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OLD Dietetics
September 23, 2014

Frequently Asked Questions (FAQs)

Why should you choose a career in dietetics?

There's never been a better time to consider a career in nutrition and dietetics. People want to be healthier and more fit, yet obesity, diabetes mellitus, hypertension, and heart disease are rampant in our country.

What is a Registered Dietitian?

The Registered Dietitian (RD) is nationally recognized as an expert in the field of food and nutrition. To become a Registered Dietitian, you are required to meet eligibility requirements established by the Accreditation Council for Education in Nutrition and Dietetics (ACEND) and pass a national registration examination.

What is the difference between a registered dietitian (RD) or dietetic technician, registered (DTR) and a nutritionist?

The “RD” and “DTR” credentials can only be used by dietetics practitioners who are currently authorized by ACEND to use these credentials. These are legally protected titles. Individuals with these credentials have completed specific academic and supervised practice requirements, successfully completed a national registration examination, and maintained requirements for recertification.

All RDs and DTRs study nutrition and applications to food and health. Some RDs or DTRs call themselves nutritionists. However, the definition and requirements for the term “nutritionist“ vary. Some states have licensure laws that define the scope of practice for someone using the designation nutritionist.

What is the difference between a RD and a DTR and what career opportunities are available for each?

A RD is a food and nutrition expert who has met the minimum academic and professional requirements to qualify for the credential “RD.” To obtain this credential you must complete at least a bachelor’s degree at a U.S. accredited college or university, required course work and at least 1200 hours of supervised practice accredited by ACEND. In addition, you must pass a national RD examination administered by the Commission on Dietetic Registration (CDR) and complete continuing professional educational requirements to maintain registration.

A DTR is a food and nutrition practitioner who has completed at least a two-year associate’s degree at a U.S. accredited university or college, required course work and at least 450 hours of supervised practice accredited by CADE. In addition, you must pass a national DTR examination administered by the CDR and complete continuing professional educational requirements to maintain registration. The majority of DTRs work with RDs in a variety of employment settings including health care (assisting RDs in providing medical nutrition therapy), in hospitals, HMOs, clinics or other health-care facilities. In addition, a large number of DTRs work in community and public health settings such as school or day care centers, correctional facilities, weight management clinics and WIC programs as nutrition counselors.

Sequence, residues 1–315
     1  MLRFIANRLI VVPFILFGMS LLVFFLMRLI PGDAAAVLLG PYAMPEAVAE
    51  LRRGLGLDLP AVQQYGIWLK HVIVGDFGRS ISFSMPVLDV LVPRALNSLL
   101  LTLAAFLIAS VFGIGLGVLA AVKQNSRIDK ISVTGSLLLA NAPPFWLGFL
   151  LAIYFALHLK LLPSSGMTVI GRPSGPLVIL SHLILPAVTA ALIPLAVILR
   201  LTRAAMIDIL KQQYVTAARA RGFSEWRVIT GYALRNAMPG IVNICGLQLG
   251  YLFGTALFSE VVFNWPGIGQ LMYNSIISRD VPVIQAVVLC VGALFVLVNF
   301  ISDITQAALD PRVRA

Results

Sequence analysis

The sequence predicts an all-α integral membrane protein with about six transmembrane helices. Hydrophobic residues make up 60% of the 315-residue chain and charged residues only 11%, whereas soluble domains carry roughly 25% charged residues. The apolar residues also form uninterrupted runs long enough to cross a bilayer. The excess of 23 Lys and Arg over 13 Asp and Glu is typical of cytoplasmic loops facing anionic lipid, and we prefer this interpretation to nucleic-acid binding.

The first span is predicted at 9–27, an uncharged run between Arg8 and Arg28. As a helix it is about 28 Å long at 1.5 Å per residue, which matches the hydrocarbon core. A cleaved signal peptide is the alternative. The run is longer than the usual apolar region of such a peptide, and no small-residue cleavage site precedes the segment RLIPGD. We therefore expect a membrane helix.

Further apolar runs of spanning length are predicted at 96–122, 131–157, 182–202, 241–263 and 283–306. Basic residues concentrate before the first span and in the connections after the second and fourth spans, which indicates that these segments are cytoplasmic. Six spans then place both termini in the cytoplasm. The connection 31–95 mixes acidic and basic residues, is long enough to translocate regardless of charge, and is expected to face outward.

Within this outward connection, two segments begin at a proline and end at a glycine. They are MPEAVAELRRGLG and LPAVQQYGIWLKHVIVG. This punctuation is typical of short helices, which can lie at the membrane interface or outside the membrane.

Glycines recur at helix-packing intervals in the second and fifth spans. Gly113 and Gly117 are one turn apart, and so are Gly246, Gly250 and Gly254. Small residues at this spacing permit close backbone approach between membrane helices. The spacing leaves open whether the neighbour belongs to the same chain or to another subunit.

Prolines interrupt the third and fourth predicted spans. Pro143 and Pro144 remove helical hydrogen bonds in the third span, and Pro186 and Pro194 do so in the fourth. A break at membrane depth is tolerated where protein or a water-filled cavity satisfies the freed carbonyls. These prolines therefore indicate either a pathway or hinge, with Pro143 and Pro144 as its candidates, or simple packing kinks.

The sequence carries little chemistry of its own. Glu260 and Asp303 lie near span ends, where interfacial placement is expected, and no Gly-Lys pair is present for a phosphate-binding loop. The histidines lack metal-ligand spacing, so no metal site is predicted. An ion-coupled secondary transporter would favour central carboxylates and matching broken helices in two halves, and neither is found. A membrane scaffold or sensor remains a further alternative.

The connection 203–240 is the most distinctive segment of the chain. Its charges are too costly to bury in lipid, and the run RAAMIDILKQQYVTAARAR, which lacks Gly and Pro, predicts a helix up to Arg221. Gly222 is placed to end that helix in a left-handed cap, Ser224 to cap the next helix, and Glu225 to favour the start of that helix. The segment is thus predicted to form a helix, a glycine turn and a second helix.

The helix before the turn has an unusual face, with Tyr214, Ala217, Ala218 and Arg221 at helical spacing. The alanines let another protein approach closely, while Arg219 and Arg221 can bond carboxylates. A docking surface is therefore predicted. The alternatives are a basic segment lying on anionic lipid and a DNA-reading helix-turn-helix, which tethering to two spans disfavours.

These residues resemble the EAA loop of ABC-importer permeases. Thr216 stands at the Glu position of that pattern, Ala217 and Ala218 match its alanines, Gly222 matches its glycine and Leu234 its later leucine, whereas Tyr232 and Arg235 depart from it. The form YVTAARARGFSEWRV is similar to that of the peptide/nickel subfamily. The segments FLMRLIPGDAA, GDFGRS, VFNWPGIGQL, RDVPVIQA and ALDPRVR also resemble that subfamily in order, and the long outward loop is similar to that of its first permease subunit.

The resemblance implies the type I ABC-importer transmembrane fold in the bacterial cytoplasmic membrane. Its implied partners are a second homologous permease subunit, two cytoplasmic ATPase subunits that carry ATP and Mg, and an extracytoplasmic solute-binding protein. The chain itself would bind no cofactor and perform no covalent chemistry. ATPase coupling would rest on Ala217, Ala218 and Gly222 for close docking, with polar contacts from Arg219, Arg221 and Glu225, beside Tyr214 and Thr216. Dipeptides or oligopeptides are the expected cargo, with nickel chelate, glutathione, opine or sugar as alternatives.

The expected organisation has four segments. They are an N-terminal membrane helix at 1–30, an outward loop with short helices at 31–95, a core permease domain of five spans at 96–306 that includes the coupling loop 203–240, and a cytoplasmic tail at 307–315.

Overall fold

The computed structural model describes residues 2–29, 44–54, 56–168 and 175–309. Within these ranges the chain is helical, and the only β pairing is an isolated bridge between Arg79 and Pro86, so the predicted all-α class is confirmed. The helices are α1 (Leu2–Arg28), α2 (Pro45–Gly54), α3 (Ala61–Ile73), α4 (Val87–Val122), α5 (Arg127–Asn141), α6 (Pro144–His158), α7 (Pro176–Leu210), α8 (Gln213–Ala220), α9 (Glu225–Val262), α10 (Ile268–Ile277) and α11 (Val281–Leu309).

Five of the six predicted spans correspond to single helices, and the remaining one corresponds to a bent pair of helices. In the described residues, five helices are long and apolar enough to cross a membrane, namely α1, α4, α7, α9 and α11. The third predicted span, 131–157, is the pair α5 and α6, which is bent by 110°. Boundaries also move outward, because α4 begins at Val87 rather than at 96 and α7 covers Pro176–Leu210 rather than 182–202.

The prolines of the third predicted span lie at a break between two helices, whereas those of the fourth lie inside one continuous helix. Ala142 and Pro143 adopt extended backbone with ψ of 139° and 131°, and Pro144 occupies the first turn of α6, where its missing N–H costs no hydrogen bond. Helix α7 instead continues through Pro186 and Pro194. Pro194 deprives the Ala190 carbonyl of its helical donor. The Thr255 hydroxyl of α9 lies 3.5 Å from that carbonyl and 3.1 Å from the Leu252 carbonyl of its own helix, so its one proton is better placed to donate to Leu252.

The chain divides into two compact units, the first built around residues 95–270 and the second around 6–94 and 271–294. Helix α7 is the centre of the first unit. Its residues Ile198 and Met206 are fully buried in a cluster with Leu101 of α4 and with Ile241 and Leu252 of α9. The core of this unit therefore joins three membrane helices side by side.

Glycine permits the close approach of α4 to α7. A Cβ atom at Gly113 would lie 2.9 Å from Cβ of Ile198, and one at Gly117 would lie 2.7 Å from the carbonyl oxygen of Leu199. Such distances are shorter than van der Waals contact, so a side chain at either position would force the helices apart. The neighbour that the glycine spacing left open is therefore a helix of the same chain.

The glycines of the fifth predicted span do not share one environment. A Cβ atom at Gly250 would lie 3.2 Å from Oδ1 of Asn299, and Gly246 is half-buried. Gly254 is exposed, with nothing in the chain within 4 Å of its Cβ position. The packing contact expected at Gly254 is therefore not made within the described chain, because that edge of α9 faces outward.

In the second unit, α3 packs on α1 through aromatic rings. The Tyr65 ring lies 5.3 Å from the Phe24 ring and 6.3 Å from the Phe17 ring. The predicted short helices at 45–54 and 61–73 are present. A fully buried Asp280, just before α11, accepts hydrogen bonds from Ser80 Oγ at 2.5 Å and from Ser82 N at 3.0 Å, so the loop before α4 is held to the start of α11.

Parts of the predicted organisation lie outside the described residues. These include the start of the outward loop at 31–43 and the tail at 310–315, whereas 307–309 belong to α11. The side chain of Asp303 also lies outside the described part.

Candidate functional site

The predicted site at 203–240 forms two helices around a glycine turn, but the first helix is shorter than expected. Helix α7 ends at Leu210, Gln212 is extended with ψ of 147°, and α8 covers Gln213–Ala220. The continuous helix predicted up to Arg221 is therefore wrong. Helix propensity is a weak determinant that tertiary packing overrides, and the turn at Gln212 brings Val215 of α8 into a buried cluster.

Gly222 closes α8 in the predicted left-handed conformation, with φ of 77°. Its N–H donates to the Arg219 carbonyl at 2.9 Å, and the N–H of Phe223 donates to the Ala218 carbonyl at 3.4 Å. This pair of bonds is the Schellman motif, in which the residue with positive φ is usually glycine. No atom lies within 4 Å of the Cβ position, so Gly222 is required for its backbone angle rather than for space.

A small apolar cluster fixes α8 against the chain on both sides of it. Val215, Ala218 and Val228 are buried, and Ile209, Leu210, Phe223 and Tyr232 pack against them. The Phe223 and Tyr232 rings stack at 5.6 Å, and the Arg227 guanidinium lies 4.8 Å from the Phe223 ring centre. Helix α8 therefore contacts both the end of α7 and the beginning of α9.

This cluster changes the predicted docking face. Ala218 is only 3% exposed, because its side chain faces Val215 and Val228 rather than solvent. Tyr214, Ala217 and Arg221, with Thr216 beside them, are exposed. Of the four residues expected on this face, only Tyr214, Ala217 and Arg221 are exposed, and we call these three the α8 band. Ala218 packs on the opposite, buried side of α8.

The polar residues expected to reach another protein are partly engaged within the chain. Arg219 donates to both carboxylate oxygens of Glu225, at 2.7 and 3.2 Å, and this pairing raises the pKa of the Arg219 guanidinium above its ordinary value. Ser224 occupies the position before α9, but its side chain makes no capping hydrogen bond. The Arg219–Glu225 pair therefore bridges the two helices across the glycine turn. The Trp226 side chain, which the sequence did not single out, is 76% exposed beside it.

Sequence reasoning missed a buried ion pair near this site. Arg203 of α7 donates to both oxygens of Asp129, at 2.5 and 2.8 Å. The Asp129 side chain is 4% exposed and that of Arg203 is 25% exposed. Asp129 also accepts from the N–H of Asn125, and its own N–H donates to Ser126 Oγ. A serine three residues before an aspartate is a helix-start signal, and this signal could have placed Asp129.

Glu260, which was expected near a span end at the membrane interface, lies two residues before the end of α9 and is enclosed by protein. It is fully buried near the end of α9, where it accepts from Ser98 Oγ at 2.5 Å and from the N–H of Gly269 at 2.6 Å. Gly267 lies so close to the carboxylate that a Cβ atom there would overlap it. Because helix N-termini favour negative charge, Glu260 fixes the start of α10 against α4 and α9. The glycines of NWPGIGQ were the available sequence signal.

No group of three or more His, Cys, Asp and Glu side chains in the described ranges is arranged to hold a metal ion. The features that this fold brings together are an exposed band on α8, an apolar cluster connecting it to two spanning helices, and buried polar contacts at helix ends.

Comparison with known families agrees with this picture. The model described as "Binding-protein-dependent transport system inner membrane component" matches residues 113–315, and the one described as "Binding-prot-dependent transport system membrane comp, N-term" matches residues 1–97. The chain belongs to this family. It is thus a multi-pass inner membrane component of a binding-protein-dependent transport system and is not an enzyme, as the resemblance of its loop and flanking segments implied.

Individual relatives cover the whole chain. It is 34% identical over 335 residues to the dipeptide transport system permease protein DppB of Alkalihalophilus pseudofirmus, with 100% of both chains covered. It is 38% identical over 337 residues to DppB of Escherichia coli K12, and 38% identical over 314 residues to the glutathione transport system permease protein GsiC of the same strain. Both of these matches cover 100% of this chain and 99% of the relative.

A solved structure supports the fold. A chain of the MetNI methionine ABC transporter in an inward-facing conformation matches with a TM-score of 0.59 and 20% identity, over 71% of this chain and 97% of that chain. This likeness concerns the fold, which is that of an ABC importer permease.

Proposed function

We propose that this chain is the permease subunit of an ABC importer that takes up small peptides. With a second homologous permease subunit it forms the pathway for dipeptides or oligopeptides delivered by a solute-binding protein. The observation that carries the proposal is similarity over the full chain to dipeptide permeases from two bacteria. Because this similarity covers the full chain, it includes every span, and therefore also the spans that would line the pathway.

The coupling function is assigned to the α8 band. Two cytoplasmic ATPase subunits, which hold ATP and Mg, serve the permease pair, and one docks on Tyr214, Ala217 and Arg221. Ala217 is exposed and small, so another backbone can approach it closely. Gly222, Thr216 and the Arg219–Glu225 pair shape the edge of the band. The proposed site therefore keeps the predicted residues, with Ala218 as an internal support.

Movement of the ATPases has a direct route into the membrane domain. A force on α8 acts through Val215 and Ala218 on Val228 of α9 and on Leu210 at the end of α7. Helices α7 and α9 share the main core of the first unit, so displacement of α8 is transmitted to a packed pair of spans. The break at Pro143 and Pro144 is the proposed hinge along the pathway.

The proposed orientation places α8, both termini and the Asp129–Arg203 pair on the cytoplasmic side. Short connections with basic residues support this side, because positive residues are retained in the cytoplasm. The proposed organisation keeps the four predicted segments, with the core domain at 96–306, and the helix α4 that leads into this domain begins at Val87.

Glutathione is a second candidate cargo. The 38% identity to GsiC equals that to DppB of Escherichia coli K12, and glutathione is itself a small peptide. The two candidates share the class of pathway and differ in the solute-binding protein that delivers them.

Check out information on career opportunities, salaries, and job outlook for RDs and DTRs.

I have a degree in another field and would now like a career in nutrition; do I need to start all over?

If you already have a degree from a U.S. accredited college or university that is not in dietetics and are interested in a nutrition career, you can choose to become a RD or a DTR. In either case, you will need to have your college transcripts evaluated by a director of a dietetics program accredited or approved by ACEND. The director will evaluate your previous academic preparation and identify the courses that you would need to complete at that institution to meet the dietetics requirements. The number of courses you need and the college’s degree requirements will determine whether you need to complete another degree or not. It may be possible to complete the required dietetics coursework while enrolled in a graduate program. Because the policies, procedures and costs for the transcript evaluation may vary from one institution to another, you may want to contact more than one dietetics program for further information. The dietetics program director can advise you of your options.

Will getting my master’s degree in nutrition meet the requirements to become a RD?

Not unless the program is accredited or approved by ACEND. ACEND does not accredit or approve graduate programs except for those designed to meet entry-level educational requirements. Currently, there are a few DPDs and CPs that grant only master’s degrees; others may have both bachelor’s and master’s tracks. Sometimes, one can complete the coursework requirements for becoming a RD and take graduate course work at the same time if there is a ACEND-accredited or approved program and graduate school in the same university that work together. The lists of ACEND-accredited DPDs and CPs on this Web site include the degree(s) granted by each program. Contact the schools you are interested in attending. You will need to check with the Dietetics Program Director before starting graduate coursework if you choose this route.

 

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